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Reasons to avoid free web site builders

There are a raft of companies out there offering free web site builders. Some and better than others but generally in life, and it's true with web site as well, you get what you pay for.

Yes, of course you might say that we would be bias but if you ask our customers you will know that we offer help to anyone and will never try to 'push' a sale. We're open and honest about what we do and unfortunately, lots of people out there are not. If you're still cynical then keep reading as I'm sure we can convince you...

With each of the free web site builders there are of course downsides. Nobody is offering the tools for you to build a web site for free without getting something in return.

Google Adwords and search engine optimisation

Google Adwords - a cautionary tale

One of the services that we offer our customers is Adwords account management. Everyone is familiar with the adverts that Google put at the top of their normal search results but getting your business advert on Google can be a difficult and costly move, if not done correctly.

If you are interested in advertising your business online, it is worth considering Google Adwords. There are pitfalls and in some cases, there are better ways to spend your advertising budget, which we’ve discussed before, but they do have their advantages as well. As with most things, a hybrid approach is best and part search engine optimisation, part Adwords is, for most people, the best approach.

One of our customers, Steve, has had a web site with us for a couple of years now and he runs a window cleaning business over in Surrey. We took over the running of his web site for him because he wanted to focus on the business, whilst we took care of the coding, updates and security of his site.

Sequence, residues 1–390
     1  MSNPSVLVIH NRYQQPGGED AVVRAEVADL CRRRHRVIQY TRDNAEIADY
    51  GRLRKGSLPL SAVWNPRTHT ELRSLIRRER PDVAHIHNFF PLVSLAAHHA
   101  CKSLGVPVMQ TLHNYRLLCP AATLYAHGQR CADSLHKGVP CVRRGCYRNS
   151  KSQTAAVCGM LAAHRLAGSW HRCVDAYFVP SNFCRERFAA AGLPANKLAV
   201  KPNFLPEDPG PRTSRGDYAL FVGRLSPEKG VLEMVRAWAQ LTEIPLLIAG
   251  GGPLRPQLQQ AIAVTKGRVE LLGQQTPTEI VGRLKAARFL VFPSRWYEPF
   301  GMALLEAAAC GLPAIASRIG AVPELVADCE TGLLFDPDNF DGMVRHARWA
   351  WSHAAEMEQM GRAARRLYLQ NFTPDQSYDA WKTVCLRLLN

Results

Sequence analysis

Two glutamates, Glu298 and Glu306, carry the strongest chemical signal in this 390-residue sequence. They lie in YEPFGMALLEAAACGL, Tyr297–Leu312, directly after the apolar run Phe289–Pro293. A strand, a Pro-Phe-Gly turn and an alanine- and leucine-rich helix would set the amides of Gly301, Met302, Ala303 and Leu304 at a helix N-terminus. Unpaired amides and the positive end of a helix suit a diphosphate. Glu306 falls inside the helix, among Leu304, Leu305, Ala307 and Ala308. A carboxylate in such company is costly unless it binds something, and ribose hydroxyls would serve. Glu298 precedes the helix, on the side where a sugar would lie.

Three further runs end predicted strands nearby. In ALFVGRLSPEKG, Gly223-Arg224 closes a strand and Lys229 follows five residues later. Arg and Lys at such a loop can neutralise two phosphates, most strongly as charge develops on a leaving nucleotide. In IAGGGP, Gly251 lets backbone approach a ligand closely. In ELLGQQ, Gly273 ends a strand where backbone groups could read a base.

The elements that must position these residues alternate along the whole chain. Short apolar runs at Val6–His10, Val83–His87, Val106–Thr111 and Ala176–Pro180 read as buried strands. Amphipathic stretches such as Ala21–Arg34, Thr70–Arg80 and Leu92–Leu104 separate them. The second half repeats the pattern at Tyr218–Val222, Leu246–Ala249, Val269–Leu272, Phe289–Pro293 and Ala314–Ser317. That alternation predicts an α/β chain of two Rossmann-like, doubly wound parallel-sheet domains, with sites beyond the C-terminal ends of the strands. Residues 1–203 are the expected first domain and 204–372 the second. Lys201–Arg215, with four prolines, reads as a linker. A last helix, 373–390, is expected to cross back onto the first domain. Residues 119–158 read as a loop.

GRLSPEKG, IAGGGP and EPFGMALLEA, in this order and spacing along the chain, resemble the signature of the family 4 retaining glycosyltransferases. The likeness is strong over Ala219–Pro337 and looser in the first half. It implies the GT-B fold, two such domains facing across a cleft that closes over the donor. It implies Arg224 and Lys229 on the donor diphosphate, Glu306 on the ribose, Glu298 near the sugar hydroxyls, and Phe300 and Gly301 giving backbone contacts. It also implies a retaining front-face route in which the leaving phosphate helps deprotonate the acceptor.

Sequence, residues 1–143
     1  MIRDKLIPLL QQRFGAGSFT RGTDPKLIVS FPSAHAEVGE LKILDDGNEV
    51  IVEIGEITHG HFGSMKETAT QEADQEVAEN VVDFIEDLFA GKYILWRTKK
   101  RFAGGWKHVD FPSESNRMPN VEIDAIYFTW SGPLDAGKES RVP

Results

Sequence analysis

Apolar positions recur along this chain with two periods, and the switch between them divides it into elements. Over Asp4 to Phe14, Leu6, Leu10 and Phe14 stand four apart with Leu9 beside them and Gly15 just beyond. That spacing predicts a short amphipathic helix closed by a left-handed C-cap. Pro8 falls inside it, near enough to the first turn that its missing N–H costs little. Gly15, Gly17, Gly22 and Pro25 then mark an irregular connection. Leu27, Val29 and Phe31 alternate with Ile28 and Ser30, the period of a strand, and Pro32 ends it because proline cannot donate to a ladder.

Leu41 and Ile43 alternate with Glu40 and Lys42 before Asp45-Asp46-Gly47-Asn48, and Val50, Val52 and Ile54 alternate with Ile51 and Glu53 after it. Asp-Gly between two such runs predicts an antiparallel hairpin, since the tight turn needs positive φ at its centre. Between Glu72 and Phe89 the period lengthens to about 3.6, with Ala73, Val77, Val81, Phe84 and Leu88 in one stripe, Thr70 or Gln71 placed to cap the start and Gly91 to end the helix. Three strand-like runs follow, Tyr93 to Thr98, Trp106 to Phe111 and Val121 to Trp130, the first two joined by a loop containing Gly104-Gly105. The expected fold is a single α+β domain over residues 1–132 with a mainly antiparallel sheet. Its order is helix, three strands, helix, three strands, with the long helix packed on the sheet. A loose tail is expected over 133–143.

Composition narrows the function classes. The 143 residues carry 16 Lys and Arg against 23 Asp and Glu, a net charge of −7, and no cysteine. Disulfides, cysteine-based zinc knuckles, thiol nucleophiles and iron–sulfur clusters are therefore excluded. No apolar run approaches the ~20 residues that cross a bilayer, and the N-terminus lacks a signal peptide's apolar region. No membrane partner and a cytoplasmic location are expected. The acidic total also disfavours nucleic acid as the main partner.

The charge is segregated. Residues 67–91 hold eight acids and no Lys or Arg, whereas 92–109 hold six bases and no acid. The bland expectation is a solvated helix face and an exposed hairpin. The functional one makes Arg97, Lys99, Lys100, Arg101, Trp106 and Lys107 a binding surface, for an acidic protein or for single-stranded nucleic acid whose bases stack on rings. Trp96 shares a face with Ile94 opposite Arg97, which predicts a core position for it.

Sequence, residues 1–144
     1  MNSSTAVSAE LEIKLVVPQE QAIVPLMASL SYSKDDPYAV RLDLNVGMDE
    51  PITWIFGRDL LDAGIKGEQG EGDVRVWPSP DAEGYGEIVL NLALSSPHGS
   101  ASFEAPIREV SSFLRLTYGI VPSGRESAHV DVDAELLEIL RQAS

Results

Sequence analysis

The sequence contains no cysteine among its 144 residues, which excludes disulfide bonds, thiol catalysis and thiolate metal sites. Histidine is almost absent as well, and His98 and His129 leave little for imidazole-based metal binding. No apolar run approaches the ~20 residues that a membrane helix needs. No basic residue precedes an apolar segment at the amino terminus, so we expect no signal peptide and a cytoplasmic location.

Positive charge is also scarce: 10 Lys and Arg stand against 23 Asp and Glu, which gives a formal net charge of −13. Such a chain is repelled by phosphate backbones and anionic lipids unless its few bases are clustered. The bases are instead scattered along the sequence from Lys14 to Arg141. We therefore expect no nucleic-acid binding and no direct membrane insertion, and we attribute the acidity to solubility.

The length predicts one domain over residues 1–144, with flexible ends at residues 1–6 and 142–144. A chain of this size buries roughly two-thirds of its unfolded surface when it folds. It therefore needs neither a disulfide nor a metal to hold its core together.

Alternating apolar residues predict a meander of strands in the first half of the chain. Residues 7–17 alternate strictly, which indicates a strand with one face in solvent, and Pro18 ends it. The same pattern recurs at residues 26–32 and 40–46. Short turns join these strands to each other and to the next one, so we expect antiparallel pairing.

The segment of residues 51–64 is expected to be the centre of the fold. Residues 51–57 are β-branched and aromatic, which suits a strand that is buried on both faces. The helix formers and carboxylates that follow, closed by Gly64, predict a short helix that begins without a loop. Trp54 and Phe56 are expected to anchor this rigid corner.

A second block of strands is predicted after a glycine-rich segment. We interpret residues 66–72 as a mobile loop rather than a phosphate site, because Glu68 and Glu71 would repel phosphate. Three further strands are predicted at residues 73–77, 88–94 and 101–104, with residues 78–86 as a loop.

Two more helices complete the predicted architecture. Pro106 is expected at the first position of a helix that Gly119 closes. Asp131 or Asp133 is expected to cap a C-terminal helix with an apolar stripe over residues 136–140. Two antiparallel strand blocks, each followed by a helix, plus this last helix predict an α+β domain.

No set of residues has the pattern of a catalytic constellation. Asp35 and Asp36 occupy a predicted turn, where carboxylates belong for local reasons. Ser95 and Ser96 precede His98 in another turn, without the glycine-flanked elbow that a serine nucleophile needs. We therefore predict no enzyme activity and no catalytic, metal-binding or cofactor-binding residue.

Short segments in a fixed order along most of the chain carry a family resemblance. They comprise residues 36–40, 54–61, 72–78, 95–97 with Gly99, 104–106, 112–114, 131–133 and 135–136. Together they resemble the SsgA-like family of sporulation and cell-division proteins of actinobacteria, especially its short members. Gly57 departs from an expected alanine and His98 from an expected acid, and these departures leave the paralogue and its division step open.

As time moved on, Steve wanted to grow the business and would occasionally set up Google Adwords adverts, to run short-term promotions. Unfortunately he only dabbled with Adwords and because he did not do his research, he ended up setting adverts that were not targeted at specific geographical areas.

One of the Adwords that he selected ended up meaning that his advert was displaying in towns 50 miles away from his usual area of business. Because he would have to charge mileage to make the job worth his while, the price of a window cleaning job for customers that far away from his house was too expensive - a local window cleaner would have been much cheaper.

The cost

With Adwords, you pay each time someone clicks on your advert. It does not matter whether they buy from you or not, that customer has just cost you money. Because Steve’s advert was concentrating on his local area, his advert was being seen miles away and customers were clicking on it, costing him money.

Steve got in contact and asked us to look into the problem for him as he was spending hundreds of pounds a month on adverts but not benefitting from it. People were visiting his web site, realising that he was not close to them and then moving on to another window cleaner’s site.

We did some investigation and targeted each of his adverts for him, meaning that only people in his local areas would see the adverts. This dramatically reduced his advertising spend and gave him a higher click per sale ratio. More money in, less money going out.


Mobile web sites as standard